The last lady who embodies the oppressed position of ladies in the modern world shows up in the third section of The Waste Land. The title of this segment, "The Fire Sermon," originates from the title of a sermon lectured by the Buddha against the flames of desire and different interests that devastate individuals and counteract recovery (Abrams 2152). Such a title sets the stage for an area vigorously populated by a cleaned sexuality that energizes sex without origination or dignity. Building off of the conduct started by Lil, the typist in "The Fire Sermon" encapsulates sexual externalization. The common labourer’s depiction of her room battles against over the top portrayal of the boudoir in "A Game of Chess;" this restriction hoses the simple unresponsiveness and triviality ascribed to the high society lady of the prior segment. Such a change proposes, to the point that the typist, as an individual from a lower class, would have a less demanding time of discovering importance in her life: in a presence described by battle, splendid spots get to be less demanding to see. In any case, the particular lack of care hues the relationship between the typist and her sidekick obscures these brilliant spots and undermines the lady's presence.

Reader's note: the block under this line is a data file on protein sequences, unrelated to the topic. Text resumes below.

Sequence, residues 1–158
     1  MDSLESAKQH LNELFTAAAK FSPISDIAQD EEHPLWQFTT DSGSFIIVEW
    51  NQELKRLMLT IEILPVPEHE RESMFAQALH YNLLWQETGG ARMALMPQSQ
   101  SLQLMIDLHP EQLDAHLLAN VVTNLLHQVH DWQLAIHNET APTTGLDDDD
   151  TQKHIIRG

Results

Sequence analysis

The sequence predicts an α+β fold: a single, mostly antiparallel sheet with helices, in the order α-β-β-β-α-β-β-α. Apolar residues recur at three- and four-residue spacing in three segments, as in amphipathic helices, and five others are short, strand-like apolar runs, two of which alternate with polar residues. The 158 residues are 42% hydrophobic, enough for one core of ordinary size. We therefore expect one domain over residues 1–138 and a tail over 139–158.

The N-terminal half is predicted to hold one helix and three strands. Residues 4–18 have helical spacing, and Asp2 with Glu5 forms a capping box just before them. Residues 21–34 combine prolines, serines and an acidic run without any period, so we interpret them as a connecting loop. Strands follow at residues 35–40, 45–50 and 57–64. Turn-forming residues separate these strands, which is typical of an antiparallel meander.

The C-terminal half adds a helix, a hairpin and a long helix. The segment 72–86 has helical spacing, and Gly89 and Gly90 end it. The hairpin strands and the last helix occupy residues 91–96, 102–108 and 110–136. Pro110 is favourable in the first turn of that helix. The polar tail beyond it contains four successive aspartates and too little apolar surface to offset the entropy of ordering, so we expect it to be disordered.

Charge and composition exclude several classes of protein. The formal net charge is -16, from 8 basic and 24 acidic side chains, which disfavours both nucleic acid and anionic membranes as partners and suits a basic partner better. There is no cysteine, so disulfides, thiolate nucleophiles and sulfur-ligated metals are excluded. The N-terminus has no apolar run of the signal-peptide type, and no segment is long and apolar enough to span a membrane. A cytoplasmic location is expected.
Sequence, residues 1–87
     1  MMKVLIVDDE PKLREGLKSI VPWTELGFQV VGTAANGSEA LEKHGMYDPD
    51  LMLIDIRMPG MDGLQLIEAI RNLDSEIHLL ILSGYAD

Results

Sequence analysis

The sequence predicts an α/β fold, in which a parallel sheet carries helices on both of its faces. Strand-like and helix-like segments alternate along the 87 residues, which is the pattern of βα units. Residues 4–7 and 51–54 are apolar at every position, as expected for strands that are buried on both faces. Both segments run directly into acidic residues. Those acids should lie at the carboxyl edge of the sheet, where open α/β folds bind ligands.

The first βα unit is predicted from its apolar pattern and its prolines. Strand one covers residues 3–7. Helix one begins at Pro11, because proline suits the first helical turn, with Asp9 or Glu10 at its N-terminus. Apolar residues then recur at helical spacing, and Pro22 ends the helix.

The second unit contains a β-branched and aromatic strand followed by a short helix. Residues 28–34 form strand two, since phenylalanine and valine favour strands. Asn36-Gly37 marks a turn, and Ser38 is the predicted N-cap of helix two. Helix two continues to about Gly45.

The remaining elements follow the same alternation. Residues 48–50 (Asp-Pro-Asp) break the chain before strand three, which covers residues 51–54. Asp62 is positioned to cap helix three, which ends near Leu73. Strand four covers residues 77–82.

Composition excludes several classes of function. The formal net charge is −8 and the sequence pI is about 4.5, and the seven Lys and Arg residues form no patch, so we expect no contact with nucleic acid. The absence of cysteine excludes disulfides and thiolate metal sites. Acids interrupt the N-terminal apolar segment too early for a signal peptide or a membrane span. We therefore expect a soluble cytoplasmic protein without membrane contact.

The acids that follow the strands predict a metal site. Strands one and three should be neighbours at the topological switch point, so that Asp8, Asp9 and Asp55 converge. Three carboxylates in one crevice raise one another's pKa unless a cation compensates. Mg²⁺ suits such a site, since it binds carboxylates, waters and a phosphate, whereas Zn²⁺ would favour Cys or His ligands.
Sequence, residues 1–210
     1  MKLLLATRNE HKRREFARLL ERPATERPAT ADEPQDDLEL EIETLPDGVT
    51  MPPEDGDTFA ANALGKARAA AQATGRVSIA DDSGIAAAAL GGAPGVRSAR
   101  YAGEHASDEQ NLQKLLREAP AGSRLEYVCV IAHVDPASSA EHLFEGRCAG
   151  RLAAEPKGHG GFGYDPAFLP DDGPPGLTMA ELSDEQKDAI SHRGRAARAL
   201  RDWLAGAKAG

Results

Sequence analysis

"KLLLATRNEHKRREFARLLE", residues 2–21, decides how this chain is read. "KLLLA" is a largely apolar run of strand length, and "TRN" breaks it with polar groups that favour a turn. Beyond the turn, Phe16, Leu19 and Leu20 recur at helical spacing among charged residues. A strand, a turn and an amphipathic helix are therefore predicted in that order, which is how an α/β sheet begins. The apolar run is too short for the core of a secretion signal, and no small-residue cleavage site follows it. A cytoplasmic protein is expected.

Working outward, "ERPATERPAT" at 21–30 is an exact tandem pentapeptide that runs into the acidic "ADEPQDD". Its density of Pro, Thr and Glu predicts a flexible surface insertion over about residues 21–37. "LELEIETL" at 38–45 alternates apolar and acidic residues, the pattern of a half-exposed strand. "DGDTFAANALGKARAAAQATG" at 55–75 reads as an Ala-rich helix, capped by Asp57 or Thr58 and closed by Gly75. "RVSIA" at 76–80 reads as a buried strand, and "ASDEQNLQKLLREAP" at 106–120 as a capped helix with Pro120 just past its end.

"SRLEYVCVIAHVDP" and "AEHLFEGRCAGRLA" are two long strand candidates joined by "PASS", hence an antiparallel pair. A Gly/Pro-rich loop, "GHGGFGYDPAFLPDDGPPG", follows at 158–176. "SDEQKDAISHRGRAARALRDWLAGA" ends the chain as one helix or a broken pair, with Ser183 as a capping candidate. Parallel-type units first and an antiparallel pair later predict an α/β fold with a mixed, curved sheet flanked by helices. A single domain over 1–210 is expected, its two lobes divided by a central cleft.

Lyndall Gordon in her book, T.S. Eliot: An Imperfect Life, proposes that in real life females were frequently the receivers of Eliot’s poetic revelations: the women in his life influenced more of him than his poetry (401); in The Waste Land, women in its place become the place of admission, representing the tough truth of the modern world. The poem plays like an investigation of modern relationships between the male and female. Placed beside the stories of mythical ladies out of Ovid’s Metamorphoses, these relations take on fresh fundamentals of destruction. Opposite to the heroic voices of Ovid’s females, Eliot’s modern women come up short, distressed with the modern situation of indifference. So, the subjugation of their individuality surpasses them, making them sufferers to control. As a result, also becomes the person in society: manly repressive power takes its final form in leading figures and communal officers. With universal indifference reaching the furthest places of society, individuals realize the comfort of reception. Similar to the typist, they become quiet and accept their conditions and practice their voice merely to admit the condition, reflecting only the voice of figure touches on a printer that are dictated by others, not her own voice.
The voice of the typist’s fingers touching the printer, voice of a lady in jar resonating, and voice of a land when it is trodden are all not understood, not valued and not esteemed, although they are the voice of suffering. It is the suffering of dictation and power game imposed by society, rules, and men. It is a silent grief, an unspoken story by a dehumanized creature called modern woman.